Central Auditory Processing Disorder (CAPD)

 

Children with an Auditory Processing Disorder, also known as Central Auditory Processing Disorder (cAPD), typically demonstrate all or some of the following behavior:

·         have difficulty following more than one direction at a time;

·         commonly ask “huh?” or “what” and often need information repeated;

·         seem easily distracted or bored when conversations or activities do not include visual cues;

·         become frustrated or upset by noisy environments and loud noises;

·         are easily distracted in noisy situations, cannot tune out excess noise in supermarkets/restaurants;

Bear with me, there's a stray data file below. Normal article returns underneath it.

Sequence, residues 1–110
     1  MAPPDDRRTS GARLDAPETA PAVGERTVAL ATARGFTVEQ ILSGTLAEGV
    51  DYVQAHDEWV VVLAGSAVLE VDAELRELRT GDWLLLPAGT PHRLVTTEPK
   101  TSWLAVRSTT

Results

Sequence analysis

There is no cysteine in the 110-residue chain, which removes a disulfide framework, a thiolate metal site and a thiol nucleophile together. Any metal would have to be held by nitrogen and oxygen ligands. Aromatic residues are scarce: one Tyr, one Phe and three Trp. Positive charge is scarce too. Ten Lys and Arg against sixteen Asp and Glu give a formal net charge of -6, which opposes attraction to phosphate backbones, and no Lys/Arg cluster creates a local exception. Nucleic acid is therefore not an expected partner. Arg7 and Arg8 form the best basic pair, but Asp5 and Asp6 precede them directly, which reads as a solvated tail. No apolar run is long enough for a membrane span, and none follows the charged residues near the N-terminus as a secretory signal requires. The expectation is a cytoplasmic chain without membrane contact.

·         have poor memory for words and numbers;

·         have difficulties with complex language such as word problems, riddles, jokes or a long story;

·         struggle to hear the difference in similar sounding words;

·         seems to daydream in class;

·         struggle with basic language skills, such as reading and spelling.

If you notice any of these signs, your child may have APD. He/she will have more difficulty processing, remembering and expressing auditory information. Contact us for an evaluation and/or treatment. Our multi-disciplinary team of clinicians works personally with your child to overcome the listening and communication challenges impacting him/her at school and at home.